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Timber Harvest Impacts on Water Yield in the Continental/Maritime Hydroclimatic Region of the United States

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The inland Pacific Northwest of the United States is influenced by both maritime and continental hydrometeorogical conditions. To date there are limited studies of hydrologic impacts resulting from contemporary timber harvest in this region. Streamflow data were collected since 1991 at the Mica Creek Experimental Watershed (MCEW) in northern Idaho. Treatments were designed to isolate the effects of road construction and two different harvest practices (50% clearcut, 50% partial cut). The change in water yield was assessed using linear regression and analysis of covariance (ANCOVA). Water yield increased in excess of 270 mm/yr (P < 0.01) after clearcut harvesting, and by more than 140 mm/yr (P < 0.01) after partial cut harvesting. Monthly and seasonal analyses revealed the largest impacts of harvest practices on water yield during the snow deposition and melt season from November through June. Dry season analyses (July through October) indicated negligible water yield increases after treatments. Estimates of evapotranspiration (ET) as the residual of the catchment water balance suggest that ET was reduced by 35% and 14% after clearcut and partial cut harvest, respectively. These results establish a base on which to develop tools for effective watershed management in the northern Idaho continental/maritime hydroclimatic region.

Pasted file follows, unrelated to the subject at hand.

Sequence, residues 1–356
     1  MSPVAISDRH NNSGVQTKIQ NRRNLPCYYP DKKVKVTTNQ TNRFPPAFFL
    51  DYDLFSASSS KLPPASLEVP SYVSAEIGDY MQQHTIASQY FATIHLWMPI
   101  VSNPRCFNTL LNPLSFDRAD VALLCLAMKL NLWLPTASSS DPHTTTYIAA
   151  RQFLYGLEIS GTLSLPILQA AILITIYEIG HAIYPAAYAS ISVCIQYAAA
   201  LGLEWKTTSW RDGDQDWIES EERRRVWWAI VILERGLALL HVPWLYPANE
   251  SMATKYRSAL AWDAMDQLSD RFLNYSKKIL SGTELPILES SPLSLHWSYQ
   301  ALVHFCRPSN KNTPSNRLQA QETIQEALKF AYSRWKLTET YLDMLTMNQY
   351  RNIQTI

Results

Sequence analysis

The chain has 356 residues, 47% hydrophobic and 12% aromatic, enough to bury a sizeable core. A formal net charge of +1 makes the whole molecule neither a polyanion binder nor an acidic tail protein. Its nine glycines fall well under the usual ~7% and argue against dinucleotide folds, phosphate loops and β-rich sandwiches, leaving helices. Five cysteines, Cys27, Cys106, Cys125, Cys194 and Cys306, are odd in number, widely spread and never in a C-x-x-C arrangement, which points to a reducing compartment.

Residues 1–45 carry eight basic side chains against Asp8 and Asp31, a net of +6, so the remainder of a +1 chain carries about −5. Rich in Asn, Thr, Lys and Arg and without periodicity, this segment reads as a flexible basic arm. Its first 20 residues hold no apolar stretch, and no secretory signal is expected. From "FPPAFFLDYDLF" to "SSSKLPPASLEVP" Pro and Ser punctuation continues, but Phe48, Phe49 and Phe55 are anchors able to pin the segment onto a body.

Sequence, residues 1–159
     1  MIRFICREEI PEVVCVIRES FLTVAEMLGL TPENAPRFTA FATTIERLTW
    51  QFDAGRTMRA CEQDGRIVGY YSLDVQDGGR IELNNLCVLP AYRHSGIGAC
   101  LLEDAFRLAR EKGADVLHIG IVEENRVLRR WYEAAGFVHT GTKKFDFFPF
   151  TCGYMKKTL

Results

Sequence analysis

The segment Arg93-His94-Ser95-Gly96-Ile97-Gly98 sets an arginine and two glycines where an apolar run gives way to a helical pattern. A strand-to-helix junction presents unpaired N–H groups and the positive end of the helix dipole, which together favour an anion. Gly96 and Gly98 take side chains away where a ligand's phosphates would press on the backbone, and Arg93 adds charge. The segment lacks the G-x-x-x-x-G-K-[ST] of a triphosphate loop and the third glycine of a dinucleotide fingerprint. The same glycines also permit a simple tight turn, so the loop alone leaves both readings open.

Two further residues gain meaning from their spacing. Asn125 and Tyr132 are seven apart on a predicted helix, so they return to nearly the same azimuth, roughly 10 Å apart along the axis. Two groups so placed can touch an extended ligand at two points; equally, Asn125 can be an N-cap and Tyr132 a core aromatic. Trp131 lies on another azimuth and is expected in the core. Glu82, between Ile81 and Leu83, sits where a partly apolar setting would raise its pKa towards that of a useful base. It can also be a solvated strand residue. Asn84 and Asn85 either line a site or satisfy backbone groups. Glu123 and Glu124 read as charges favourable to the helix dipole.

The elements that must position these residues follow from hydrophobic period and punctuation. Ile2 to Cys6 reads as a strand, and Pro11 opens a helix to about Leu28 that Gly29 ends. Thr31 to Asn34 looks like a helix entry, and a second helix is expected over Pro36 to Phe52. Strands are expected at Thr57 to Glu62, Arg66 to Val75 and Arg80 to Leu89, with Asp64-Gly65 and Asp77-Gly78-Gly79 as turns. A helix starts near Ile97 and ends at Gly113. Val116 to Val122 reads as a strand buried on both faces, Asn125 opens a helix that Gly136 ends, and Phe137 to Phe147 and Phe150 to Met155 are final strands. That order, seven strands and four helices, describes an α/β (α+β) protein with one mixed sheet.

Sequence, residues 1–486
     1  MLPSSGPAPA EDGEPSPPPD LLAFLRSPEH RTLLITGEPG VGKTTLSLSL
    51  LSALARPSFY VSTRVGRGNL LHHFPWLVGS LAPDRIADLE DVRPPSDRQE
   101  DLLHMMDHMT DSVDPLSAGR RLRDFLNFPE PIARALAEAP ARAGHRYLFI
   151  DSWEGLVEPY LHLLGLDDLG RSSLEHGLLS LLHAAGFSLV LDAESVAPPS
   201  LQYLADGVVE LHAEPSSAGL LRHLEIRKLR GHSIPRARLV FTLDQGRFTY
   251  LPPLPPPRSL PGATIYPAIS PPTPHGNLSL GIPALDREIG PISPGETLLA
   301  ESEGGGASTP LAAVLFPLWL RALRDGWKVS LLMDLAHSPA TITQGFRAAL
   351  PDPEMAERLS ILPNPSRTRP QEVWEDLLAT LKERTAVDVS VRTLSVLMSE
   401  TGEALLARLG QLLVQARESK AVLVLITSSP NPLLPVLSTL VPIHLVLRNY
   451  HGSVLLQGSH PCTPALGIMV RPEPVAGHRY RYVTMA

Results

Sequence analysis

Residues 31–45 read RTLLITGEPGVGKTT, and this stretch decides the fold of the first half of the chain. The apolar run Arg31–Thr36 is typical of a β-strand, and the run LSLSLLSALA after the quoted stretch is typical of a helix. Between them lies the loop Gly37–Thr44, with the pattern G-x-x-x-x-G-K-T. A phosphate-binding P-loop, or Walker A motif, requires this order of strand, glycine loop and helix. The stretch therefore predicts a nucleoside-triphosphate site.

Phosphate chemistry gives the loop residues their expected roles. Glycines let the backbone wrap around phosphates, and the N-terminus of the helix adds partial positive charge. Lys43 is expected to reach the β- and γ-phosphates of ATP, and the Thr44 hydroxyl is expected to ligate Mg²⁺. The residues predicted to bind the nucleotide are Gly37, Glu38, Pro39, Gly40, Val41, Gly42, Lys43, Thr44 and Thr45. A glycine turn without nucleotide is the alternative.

Keywords: Mica Creek; Pacific Northwest; forest hydrology; stream discharge; timber harvest

Document Type: Research Article

Publication date: 2007-04-01

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  • Forest Science is a peer-reviewed journal publishing fundamental and applied research that explores all aspects of natural and social sciences as they apply to the function and management of the forested ecosystems of the world. Topics include silviculture, forest management, biometrics, economics, entomology & pathology, fire & fuels management, forest ecology, genetics & tree improvement, geospatial technologies, harvesting & utilization, landscape ecology, operations research, forest policy, physiology, recreation, social sciences, soils & hydrology, and wildlife management.
    Forest Science is published bimonthly in February, April, June, August, October, and December.

    2015 Impact Factor: 1.702
    Ranking: 16 of 66 in forestry

    Average time from submission to first decision: 62.5 days*
    June 1, 2016 to Feb. 28, 2017

    Also published by SAF:
    Journal of Forestry
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